The U.S. Environmental Protection Agency is releasing a bombshell: A major new guidance document that provides the coal industry and coal-state regulators with “clarity” regarding the permitting of mountaintop removal coal mining.
The biggest step included? EPA is warning that water pollution from these mining operations dangerously increases the electrical conductivity of streams — and setting up a much more rigorous mandate that coal operators and state mining regulators face up to this looming and long-ignored problem. But the new EPA guidance also addresses a host of other issues, from water quality monitoring to environmental justice, that are important to folks who are concerned about mountaintop removal.
As the new guidance document says:
It has been a high priority of this Administration — and EPA Administrator Lisa P. Jackson — to reduce the substantial environmental and human health consequences of surface coal mining in Appalachia, and minimize further impairment of already compromised watersheds.
As scientific evidence grows, EPA has a legal responsibility to address the environmental consequences of Appalachian surface coal mining.
Also, EPA has posted copies of two new studies: A Field-Based Aquatic Life Benchmark for Conductivity in Central Appalachian Streams (External Review Draft) and The Effects of Mountaintop Mines and Valley Fills on Aquatic Ecosystems of the Central Appalachian Coalfields (External Review Draft).
The new EPA guidance outlined what it called the “far-reaching legacy” of damage from mining operations in Appalachia:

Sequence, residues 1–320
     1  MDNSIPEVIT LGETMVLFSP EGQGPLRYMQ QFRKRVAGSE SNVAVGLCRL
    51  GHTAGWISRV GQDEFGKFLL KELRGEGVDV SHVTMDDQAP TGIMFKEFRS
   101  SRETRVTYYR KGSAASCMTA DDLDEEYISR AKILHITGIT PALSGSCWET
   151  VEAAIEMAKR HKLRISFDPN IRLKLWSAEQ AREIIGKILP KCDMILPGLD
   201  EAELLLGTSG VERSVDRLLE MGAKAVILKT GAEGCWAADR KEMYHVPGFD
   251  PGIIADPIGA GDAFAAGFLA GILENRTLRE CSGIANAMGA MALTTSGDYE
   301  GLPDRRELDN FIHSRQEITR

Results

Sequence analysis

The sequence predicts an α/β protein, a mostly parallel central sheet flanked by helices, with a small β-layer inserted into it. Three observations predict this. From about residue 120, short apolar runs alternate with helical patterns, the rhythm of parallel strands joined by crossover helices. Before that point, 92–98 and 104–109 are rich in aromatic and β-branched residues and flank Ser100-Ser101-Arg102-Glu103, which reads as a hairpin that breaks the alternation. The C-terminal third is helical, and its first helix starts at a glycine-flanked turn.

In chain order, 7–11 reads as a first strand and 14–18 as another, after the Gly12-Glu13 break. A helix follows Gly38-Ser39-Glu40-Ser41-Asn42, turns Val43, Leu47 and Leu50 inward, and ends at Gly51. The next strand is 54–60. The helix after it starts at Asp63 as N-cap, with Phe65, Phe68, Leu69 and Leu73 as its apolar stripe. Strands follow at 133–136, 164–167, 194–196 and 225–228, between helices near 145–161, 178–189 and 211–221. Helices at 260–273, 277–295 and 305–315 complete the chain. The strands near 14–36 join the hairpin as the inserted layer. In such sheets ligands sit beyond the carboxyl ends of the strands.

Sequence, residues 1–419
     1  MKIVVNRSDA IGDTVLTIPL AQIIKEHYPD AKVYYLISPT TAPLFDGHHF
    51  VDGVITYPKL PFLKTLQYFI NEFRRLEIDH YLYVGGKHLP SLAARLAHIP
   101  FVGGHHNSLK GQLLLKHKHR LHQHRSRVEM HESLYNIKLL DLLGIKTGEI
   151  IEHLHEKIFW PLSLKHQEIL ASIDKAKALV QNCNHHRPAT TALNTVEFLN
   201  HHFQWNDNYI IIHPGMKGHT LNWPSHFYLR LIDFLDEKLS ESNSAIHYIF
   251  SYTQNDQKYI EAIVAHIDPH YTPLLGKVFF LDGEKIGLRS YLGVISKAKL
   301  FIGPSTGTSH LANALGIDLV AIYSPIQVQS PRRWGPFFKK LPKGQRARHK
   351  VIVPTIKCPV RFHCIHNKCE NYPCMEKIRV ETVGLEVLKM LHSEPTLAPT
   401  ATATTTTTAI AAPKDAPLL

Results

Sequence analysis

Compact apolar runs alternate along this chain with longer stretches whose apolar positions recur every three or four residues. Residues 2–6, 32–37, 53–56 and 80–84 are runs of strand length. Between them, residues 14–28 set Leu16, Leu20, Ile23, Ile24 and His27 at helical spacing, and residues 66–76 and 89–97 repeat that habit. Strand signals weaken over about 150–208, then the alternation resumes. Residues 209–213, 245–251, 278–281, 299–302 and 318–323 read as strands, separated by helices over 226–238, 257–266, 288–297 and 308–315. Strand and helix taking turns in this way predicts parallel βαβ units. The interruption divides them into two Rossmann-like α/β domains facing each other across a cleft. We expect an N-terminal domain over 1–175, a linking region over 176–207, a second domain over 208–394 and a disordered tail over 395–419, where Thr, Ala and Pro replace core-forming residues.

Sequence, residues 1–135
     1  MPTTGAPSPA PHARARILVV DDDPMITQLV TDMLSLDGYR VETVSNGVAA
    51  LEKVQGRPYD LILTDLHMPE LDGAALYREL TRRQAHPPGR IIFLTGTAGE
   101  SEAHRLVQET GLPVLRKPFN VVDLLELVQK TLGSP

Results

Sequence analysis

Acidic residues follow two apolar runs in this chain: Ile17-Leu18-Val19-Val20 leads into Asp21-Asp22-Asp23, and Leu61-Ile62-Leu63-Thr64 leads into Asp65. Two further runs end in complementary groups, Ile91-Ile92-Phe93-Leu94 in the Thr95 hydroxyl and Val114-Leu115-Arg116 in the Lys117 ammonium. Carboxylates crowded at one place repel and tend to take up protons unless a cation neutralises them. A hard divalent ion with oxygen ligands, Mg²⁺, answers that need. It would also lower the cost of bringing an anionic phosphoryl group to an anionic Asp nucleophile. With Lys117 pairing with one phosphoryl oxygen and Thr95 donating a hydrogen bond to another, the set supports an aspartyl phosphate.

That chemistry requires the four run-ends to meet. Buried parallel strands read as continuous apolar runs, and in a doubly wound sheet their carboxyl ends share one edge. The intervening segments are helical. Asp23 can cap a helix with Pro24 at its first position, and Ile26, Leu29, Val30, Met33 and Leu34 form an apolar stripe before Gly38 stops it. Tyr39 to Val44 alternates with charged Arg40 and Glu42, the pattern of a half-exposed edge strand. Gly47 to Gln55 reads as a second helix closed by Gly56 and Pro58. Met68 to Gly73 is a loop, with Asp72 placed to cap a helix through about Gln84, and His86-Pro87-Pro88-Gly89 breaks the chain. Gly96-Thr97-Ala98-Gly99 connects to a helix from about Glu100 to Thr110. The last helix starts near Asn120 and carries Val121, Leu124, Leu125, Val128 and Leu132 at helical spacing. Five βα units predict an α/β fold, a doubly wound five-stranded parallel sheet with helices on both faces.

Recent studies, as well as the experiences of Appalachian coalfield communities, point to new environmental and health challenges that were largely unknown even ten years ago. Since 1992, nearly 2,000 miles of Appalachian streams have been filled at a rate of 120 miles per year by surface mining practices. A recent EPA study found that nine out of every 10 streams downstream from surface mining operations were impaired based on a genus-level assessment of aquatic life.
Another federal study found elevated levels of highly toxic and bioaccumulative selenium in streams downstream from valley fills. These impairments are linked to contamination of surface water supplies and resulting health concerns, as well as widespread impacts to stream life in downstream rivers and streams. Further, the estimated scale of deforestation from existing Appalachian surface mining operations is equivalent in size to the state of Delaware. Appalachian deforestation has been linked to significant changes in aquatic communities as well as to modified storm runoff regimes, accelerated sediment and nutrient transport, reduced organic matter inputs, shifts in the stream’s energy base, and altered thermal regimes. Such impacts have placed further stresses on water quality and the ecological viability of watersheds.
And Lisa Jackson said in the agency’s press release:
The people of Appalachian shouldn’t have to choose between a clean, healthy environment in which to raise their families and the jobs they need to support them. That’s why EPA is providing even greater clarity on the direction the agency is taking to confront pollution from mountaintop removal.
We will continue to work with all stakeholders to find a way forward that follows the science and the law. Getting this right is important to Americans who rely on affordable coal to power homes and businesses, as well as coal communities that count on jobs and a livable environment, both during mining and after coal companies move to other sites.